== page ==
Skip to main content
Proving that tofu doesn’t have to be bland: Chum Chay| Photography by Daniel Grünfeld
Proving that tofu doesn’t have to be bland: Chum Chay| Photography by Daniel Grünfeld

Where beer house traditions meet modern cuisine

created by Johannes J. Arens | |   food

Cologne’s food may not be as cutting-edge as in Berlin or as rustic as in Munich. But the city’s culinary scene is more sustainable as a result

Cologne is a pioneer of regional food culture

Regional tastes better

The marketing of locally sourced fruit and vegetables from the surrounding countryside has been a trend for quite some time now and will hopefully become common practice. After all, the consumption of regionally grown products can be a unique culinary experience and is also a global necessity for a better world. Cologne might not be at the top of the gastronomy game (apart from a few exceptions), but around two years ago Germany’s first national food and nutrition institute was established here. One of its aims is to develop a strategy for a sustainable regional and seasonal diet. And it’s not only the local producers but also food retailers who have recognised that the attribute “regional” sells well. It would be great if more restaurants would follow suit, establishing contact with the farmers around the city and bringing their products to the table in a way that is profitable for everyone.

Hold the wine!

If you donThe best non-alcoholic drinks in town: Ox & Klee| Photography by Daniel Grünfeld’t want to drink wine or beer with your meal in a restaurant, your only option is often the same boring non-alcoholic options. With a bit of luck there might be a non-alcoholic prosecco on the menu, otherwise you’ll have to stick with fruit juice or plain old water, as if you were constantly thirsty. But at his restaurant Ox & Klee in the middle of the three impressive Kranhaus buildings by the Rhine River, the pioneering Daniel Gottschlich is showing that non-alcoholic drinks can also be a sensory culinary experience. To complement Ox & Klee’s nine-course dinner, diners don’t just get a wine pairing, but also have the option of being served non-alcoholic drinks with every course, which either come from the kitchen, are the responsibility of the sommelier, or mixed in the bar one floor below. Tonic with buckwheat caramel and pepper, red grape juice with olive oil and eucalyptus or beetroot with bay leaf might sound unusual at first, but once you’ve tried them, you’ll soon be arguing about who gets to be the designated driver of the evening, happily forgoing wine in favour of more creative refreshments.

Ox & Klee, Im Zollhafen 18, 50678 Cologne,

Cologne’s culinary scene is unimpressed by trends

A whole new side to tofu

For a long time, vegetarian food has been seen as the option for killjoys, and spongy soya strips and flavourless nut roasts or other meat replacement products the epitome of bland and boring cuisine. The majority of people in this part of the world still regard tofu as a tasteless alternative to meat. Only with the increasing popularity of Asian cuisine in Germany are people starting to realise that meatless or even vegan food doesn’t necessarily have to revolve around the replacement of animal components. Vietnamese restaurants like Chum Chay on Friesenwall are leading the way: here you can enjoy mi quảng trộn with fried tofu, various vegetables, peanuts and spicy lime and chili sauce on thin, yellow noodles, for example. The pretty red neon lettering above the entrance makes the courtyard even more attractive. Especially to the trendy foodie crowd, who always knows a great veggie eatery when they see it.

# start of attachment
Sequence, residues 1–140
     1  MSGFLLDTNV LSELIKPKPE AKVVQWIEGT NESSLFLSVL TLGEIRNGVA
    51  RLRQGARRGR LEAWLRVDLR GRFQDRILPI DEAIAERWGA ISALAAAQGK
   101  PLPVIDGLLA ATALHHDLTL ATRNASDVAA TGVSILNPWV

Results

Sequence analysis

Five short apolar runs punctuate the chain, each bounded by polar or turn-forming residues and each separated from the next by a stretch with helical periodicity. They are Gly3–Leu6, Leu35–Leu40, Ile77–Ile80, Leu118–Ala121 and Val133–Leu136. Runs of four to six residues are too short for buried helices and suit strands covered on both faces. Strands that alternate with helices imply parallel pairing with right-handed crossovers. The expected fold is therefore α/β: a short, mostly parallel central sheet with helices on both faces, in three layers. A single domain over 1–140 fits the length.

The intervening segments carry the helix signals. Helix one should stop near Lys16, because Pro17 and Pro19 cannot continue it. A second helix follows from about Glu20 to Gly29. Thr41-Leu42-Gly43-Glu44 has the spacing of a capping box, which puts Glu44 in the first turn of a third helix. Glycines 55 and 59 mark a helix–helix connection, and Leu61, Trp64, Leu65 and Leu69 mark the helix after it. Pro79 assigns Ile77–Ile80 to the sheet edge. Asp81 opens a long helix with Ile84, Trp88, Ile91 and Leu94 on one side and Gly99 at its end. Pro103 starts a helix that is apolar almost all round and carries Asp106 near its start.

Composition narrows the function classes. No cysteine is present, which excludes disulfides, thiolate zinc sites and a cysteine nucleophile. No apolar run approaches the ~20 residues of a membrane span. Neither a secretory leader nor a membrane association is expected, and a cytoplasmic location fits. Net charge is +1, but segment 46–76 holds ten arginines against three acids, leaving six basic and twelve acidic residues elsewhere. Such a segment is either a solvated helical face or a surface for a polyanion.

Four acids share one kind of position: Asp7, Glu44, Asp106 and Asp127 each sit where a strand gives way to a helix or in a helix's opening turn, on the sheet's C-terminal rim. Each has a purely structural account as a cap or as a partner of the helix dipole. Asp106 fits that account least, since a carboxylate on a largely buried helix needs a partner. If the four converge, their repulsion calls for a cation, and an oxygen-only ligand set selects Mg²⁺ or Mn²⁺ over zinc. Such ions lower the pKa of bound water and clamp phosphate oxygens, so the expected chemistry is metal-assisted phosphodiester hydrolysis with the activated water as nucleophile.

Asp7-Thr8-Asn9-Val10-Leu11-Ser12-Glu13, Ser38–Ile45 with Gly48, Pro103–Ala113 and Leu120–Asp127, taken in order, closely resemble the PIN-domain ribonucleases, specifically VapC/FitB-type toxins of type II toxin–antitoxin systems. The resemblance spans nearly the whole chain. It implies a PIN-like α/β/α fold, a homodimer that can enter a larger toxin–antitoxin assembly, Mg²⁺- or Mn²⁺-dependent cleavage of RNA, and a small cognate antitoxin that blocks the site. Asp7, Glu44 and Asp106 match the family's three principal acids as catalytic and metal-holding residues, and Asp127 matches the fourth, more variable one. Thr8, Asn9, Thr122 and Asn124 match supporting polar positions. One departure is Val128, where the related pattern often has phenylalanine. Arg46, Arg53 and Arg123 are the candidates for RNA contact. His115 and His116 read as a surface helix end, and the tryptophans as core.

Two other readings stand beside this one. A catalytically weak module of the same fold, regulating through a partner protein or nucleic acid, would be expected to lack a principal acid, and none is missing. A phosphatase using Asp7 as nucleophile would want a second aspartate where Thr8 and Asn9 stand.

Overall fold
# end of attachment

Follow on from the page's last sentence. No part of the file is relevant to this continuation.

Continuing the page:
Chum Chay, Friesenwall 29, 50672 Cologne,

Heaven on earth

We probLocal traditions for regulars: Johann Schäfer | Photography by Daniel Grünfeldably don’t need to reiterate the fact that the Old Town isn’t an old town in the strictest sense of the word. Nevertheless, it’s still a magnet for tourists. The food and drinks on offer in that area has, with a number of exceptions, geared itself towards cooking large portions for people who will probably never return. The canon of Cologne’s local dishes is therefore limited to boiled pork knuckle, ‘Himmel und Ääd’ (mashed potato and apple with blood sausage) and the famous bratwurst sausage. You can find these dishes all around the city, but for the abovementioned reasons, they are usually of an average quality. Thankfully there are also exceptions, places where local traditions are given a new twists. Like Johann Schäfer, a brewery restaurant in a former haulage firm’s premises on the legendary Elsassstrasse in the southern part of town, where innovative, traditional dishes such as braised kohlrabi with hazelnut and anise, pork belly in smoked paprika stock and red cabbage with honey-glazed plum and millet are served at prices that won’t break the bank.

Johann Schäfer, Elsassstrasse 6, 50677 Cologne,

(by Johannes J. Arens)